As law enforcement struggles with how to handle the proliferation of mass shootings in the U.S., the agency tasked with enforcing gun laws is underfunded and without a permanent leader.
The ATF is expected to lose 300 agents to retirement in 2018 and 2019, and the agency isn’t hiring enough replacements.
The agency has no permanent leader, and its budget continues to be cut.
Kenneth E. Nelson, former acting ATF director, said the agency is being handled like “political football.”
“If they are really concerned, Congress would give ATF the resources to prevent and respond to mass shootings, but ATF is a political football,” Nelson told The Washington Times .
Since 2001, the number of gun deaths have risen 34%, but the number of federal agents – about 2,600 – has not increased.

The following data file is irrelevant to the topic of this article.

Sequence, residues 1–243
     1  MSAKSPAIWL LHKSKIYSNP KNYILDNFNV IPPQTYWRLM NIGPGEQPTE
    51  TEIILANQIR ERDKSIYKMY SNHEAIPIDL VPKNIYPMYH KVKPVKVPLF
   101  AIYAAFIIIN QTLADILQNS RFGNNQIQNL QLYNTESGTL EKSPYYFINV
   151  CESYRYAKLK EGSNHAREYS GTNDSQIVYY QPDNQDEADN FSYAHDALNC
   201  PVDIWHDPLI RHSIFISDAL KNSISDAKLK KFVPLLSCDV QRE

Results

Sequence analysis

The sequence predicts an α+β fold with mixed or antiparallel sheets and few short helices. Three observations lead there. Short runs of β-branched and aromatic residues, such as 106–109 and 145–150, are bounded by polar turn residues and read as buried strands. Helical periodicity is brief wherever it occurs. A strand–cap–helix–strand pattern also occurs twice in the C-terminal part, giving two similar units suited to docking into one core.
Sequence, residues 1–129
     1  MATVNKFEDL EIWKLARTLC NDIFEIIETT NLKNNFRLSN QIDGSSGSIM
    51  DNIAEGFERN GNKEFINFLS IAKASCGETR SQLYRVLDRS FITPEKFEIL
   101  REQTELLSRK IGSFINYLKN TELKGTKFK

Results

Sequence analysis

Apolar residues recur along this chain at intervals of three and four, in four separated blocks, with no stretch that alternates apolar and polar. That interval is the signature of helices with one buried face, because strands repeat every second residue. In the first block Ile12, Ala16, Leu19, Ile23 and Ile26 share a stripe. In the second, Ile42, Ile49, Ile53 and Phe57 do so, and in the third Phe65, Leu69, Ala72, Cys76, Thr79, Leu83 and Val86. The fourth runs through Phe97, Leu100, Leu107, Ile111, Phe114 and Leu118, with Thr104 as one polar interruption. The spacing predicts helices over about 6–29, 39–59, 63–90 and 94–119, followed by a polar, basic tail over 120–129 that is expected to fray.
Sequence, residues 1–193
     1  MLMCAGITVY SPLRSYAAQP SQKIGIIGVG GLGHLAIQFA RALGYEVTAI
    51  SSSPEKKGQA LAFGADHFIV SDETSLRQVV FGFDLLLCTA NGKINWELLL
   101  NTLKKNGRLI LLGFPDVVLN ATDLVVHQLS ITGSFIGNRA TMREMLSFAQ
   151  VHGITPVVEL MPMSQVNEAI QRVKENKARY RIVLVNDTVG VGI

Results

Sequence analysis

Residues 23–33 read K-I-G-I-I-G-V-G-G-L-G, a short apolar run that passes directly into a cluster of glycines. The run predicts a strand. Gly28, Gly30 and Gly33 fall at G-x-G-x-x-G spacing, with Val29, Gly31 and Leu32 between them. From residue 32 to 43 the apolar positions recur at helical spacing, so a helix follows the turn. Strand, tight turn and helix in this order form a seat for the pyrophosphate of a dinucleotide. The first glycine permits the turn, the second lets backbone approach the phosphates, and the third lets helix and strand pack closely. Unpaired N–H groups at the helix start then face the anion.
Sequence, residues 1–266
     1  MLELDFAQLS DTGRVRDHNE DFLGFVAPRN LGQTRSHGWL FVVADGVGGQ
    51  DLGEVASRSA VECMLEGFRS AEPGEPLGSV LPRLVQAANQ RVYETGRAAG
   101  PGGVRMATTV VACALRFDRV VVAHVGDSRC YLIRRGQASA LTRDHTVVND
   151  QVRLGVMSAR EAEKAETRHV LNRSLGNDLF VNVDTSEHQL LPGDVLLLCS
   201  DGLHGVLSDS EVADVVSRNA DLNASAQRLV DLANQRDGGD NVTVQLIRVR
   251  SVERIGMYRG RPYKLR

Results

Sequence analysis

“The growth of violent gun crime is an external challenge that has strained ATF’s ability to respond to requests for assistance to address the needs of the nation’s cities and citizens most affected by this violence,” ATF wrote, adding that “requests for services and support continue to exceed our ability to respond.”
In 2018, the ATF hired 156 agents but lost 172 to retirement. With about 17% of agents aged 50 or older, the agency is expected to lose a lot more staff.
President Trump has even discussed transferring the ATF’s responsibilities to the Treasury Department.
David Chipman, a former ATF agent, said the gun lobby is to blame.
“We all agree gun violence is a significant public safety threat, so why is the ATF the size that it is?” he said. “That is largely because the gun lobby has been concerned about an effective and aggressive ATF, and their influence over legislators has kept the ATF ineffectual, at least budgetwise.”